Right...it replaces the rope seal and does not require replacement/adjustment like the regular rope does. Another less expensive option is to replace the regular wax rope packing with the gore-tex version (its just a bit more expensive than the wax rope), it seals a lot better and lasts far longer than the normal stuff. Use the search feature on the site and check for shaft packing or dripless seals for more in depth information.


This search feature also work well, TMC Search by Goo (http://www.google.com/coop/cse?cx=005775850323706454504:8-nmuizykqo)gle (http://www.google.com/coop/cse?cx=005775850323706454504:8-nmuizykqo)

Davidb
03-11-2009, 01:10 AM
Duct Tape.

Haha, I'll give that a shot. Save me time and money 8p

That Gore-Tex packing sounds like a good way to go. Its only about $15 at the most on skidim.com. I appreciate all the feedback guys. I'm glad I found this site, there seems to be a lot of useful information.

thatsmrmastercraft
03-11-2009, 03:37 AM
Haha, I'll give that a shot. Save me time and money 8p

That Gore-Tex packing sounds like a good way to go. Its only about $15 at the most on skidim.com. I appreciate all the feedback guys. I'm glad I found this site, there seems to be a lot of useful information.

Don't be completely fooled - there is a lot of useless information here too. All in good humor, of course.

Davidb
03-14-2009, 03:44 PM
So I finally took some pictures today. Here is where the crack is. It goes around the right edge and both long sides.

http://img.photobucket.com/albums/v381/davidB382/MasterCraft/GatlinShopPics027.jpg

Here is Dad wirewheeling around it.

http://img.photobucket.com/albums/v381/davidB382/MasterCraft/GatlinShopPics029.jpg

We used this Dynatron Fiberglass kit. It came with the resin, hardener, 8 sq. ft. of mat (if I recall), two mixing cups, a spreader, and a few mixing sticks.

http://img.photobucket.com/albums/v381/davidB382/MasterCraft/GatlinShopPics032.jpg

Davidb
03-14-2009, 03:45 PM
Here it is now. I left it curing. It looks pretty ugly right now. When I get in from school next weekend I will sand it and get it painted.

http://img.photobucket.com/albums/v381/davidB382/MasterCraft/GatlinShopPics031.jpg

http://img.photobucket.com/albums/v381/davidB382/MasterCraft/GatlinShopPics034.jpg

Bellinghamster
03-14-2009, 11:35 PM
I'd be willing to bet that someone hit something hard with the prop and cracked the hull around where the strut mounts. Unfortunately the patch you put on isn't going to add much strength, so it's pretty likely it will crack again.

To do a structural repair you need to grind a lot more of the old fractured glass out and feather the repair out to where the glass is solid. I'd grind at least 1/4" off the top, feathered at least 6" all around the "pad" where the strut mounts, then overlay the whole area with 3-4 layers of heavy (>18oz cloth with 3/4 oz. chopped strand mat under and between each layer, or 1708 biaxial mat which is easier to work with and get the air out of) each piece cut smaller so it tapers towards the edges. Polyester resin is crappy for secondary bonds (it doesn't stick well to cured resin). Vinylester resin is better, and laminating epoxy is best.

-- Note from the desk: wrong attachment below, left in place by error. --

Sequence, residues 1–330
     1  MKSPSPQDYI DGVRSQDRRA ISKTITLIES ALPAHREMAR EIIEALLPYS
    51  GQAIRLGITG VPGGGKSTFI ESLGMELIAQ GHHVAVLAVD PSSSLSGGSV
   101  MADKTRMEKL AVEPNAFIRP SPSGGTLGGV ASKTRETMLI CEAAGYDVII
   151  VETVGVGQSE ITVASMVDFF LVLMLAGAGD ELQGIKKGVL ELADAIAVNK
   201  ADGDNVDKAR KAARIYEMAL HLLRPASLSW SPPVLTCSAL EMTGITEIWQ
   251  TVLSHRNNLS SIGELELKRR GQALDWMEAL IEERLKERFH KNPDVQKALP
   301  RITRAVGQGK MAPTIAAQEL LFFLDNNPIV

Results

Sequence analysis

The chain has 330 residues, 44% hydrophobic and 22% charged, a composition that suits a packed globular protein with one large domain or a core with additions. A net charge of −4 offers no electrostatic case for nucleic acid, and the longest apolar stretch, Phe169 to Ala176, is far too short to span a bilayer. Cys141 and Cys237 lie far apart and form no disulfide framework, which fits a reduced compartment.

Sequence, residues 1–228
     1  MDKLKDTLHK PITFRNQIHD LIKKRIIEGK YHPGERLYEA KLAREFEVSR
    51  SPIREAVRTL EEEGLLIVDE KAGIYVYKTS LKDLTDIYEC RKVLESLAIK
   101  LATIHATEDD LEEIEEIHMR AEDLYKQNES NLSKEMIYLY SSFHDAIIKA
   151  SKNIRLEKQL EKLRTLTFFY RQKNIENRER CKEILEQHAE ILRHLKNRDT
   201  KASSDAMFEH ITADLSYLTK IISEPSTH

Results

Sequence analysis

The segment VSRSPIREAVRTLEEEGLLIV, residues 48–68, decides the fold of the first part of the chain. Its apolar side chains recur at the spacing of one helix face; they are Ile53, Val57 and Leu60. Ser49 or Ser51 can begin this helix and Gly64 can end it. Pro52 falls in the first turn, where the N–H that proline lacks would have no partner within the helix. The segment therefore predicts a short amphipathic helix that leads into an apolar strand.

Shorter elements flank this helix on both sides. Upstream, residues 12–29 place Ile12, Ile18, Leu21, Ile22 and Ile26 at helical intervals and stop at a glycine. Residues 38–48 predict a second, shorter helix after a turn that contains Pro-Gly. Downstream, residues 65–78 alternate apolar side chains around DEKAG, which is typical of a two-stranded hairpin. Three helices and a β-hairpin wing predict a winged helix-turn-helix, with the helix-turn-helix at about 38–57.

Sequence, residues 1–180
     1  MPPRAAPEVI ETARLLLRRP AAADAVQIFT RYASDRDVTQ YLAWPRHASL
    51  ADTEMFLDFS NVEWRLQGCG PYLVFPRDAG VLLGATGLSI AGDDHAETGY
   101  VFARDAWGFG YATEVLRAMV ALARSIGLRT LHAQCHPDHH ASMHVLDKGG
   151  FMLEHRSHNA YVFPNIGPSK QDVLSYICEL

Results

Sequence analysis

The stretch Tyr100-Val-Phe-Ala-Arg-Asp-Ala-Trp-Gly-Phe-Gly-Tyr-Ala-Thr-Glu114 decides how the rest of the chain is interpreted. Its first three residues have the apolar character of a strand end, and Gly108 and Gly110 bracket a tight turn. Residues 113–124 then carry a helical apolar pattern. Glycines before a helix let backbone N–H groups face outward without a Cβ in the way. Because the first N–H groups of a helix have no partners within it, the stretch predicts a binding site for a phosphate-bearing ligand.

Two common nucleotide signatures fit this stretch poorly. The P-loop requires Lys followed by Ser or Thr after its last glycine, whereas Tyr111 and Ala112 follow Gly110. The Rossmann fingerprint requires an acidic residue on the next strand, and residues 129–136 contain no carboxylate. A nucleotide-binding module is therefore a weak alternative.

Davidb
03-15-2009, 12:41 AM
Wow, that sounds a little over my head. So, do you think there is no chance that this will hold? If I have to do redo it that way, I would probably rather have a pro do it. What would be a rough price range on what I would be looking to pay to have that done by a shop?

CantRepeat
03-15-2009, 08:48 AM
I learned my lesson with thinking I could repair a boat. Mine was more cosmetic then what you have there. You're talking about the point where the drive train mounts up. Get someone with knowledge in boat repair to do it.

You've already taken the boat apart so that should save you some money.

bigmac
03-15-2009, 09:58 AM
I'd be willing to bet that someone hit something hard with the prop and cracked the hull around where the strut mounts. Unfortunately the patch you put on isn't going to add much strength, so it's pretty likely it will crack again.

To do a structural repair you need to grind a lot more of the old fractured glass out and feather the repair out to where the glass is solid. I'd grind at least 1/4" off the top, feathered at least 6" all around the "pad" where the strut mounts, then overlay the whole area with 3-4 layers of heavy (>18oz cloth with 3/4 oz. chopped strand mat under and between each layer, or 1708 biaxial mat which is easier to work with and get the air out of) each piece cut smaller so it tapers towards the edges. Polyester resin is crappy for secondary bonds (it doesn't stick well to cured resin). Vinylester resin is better, and laminating epoxy is best.Better listen to him Flounder -- he's pre-med....

bigmac
03-15-2009, 10:04 AM
Seriously though, search Bellinghamster's posts. Some pretty extensive rebuilding work.

Bellinghamster
03-15-2009, 11:46 AM
Price? If you do the removals (I recommend pulling the fuel tank) and reinstallation, and bring it to the glass shop ready for them to grind, I'd venture a guess it'll be in the low $300 range tops if they don't need to gelcoat it.

An hour for them got suit up and grind, an hour to vacuum and unsuit, and half an hour for the lay-up should be more than adequate time. Materials should run around $40, maybe $60-70 if you go for epoxy.

An honest shop may do it for half that $. It's a pretty simple job - easy access, one-shot layup and not cosmetic. They have resin in 55 gallon drums, glass mat on rolls, etc. so you should only have to pay for materials that are actually used.